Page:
Tuesday, 17 August 2010

New Zealand QROPS

Much has been written about Qualifying Recognised Overseas Pension Schemes (QROPS) in the press and on the web. Some of the articles I have seen are helpful and accurate, others are less so. The purpose of this article is to set out how QROPS in New Zealand operate in the context of UK and New Zealand law.

The relevant UK law is to be found in the Finance Act 2004, and the accompanying regulations, in particular “The Pension Schemes (Categories of Country and Requirements for Overseas Pension Schemes and Recognised Overseas Pension Schemes) Regulations 2006” (SI 2006 / 206). New Zealand law is to be found in the Superannuation Schemes Act 1989.

The key attractions in transferring UK pension rights to a QROPS are the avoidance of the effective compulsion to secure income with an annuity by age 75, and the ability to pass on the benefit of the member’s pension fund to nominated beneficiaries after death without the burden of taxation.

New Zealand schemes are also able to offer capital distributions beyond the levels available from UK schemes and beyond the levels available from most other QROPS jurisdictions.

Some QROPS trustees in other jurisdictions have been rather disingenuous about how New Zealand pension schemes work and their QROPS status. It is time to set that record straight.

Setting the record straightIn terms of SI 2006/206 a key condition is that of tax recognition. By that is meant tax recognition in the country where the QROPS operates.

The tax recognition requirements are described as Primary conditions 1 and 2, and conditions A and B. To meet the tax recognition requirements the overseas scheme must meet both Primary conditions, and one of conditions A and B.

Primary condition 1 states the overseas scheme must be “open to persons resident in the country or territory in which it is established”. New Zealand Superannuation schemes and Kiwisaver Schemes are open to New Zealand residents.

Primary condition 2 is concerned with how local residents (New Zealand residents in this instance) receive tax privileges on their pension savings. In other words the nature of the New Zealand pensions system.

There are two possibilities that each satisfy Primary Condition 2:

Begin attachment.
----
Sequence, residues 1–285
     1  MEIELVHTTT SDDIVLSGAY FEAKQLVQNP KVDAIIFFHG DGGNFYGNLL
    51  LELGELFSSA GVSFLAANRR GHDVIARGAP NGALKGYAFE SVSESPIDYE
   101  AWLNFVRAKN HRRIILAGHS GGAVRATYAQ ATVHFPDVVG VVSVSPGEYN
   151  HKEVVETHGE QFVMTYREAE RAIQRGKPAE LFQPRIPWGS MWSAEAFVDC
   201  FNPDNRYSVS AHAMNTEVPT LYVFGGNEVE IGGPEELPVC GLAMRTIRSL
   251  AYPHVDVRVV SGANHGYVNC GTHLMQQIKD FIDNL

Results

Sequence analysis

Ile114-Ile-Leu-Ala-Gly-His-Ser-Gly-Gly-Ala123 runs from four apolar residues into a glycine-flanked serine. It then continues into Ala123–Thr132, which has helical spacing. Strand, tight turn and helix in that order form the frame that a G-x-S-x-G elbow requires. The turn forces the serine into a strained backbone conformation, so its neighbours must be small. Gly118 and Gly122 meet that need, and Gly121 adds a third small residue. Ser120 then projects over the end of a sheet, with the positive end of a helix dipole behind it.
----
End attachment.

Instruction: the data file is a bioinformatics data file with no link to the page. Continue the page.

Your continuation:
(i) A system where local residents get tax relief on their pension contributions, and benefits when taken are taxed or
(ii) A system where local residents do not get tax relief on their pension contributions and benefits when taken are not taxed.

New Zealand resident members of New Zealand pension schemes do not receive tax relief on contributions and are not taxed on the emerging benefits. On achieving the scheme retirement age a retirement benefit may be taken from the scheme as income or as a capital sum. New Zealand schemes therefore satisfy Primary condition 2.

However, New Zealand pension funds are taxed on income and capital gains. The provisions are complex and depend on the asset make-up of the fund. But to think in terms of an effective tax charge of about 1.5% p.a. on the fund value is about right. The New Zealand government is expected to remove this tax charge later this year.

Now to Conditions A and B - the overseas scheme only has to meet one of these.

Condition A is that the overseas scheme “is approved or recognised by, or registered with, the relevant tax authorities as a pension scheme in the country or territory in which it is established”.

New Zealand pension schemes meet this requirement so we need not trouble ourselves with Condition B.

This is because Condition B only applies if “no system exists for the approval or recognition by, or registration with, relevant tax authorities of pension schemes in the country or territory in which it is established” and sets out that in the absence of such a “system” the overseas scheme must provide that at least 70% of the fund is available to provide an income for life (the 70% rule)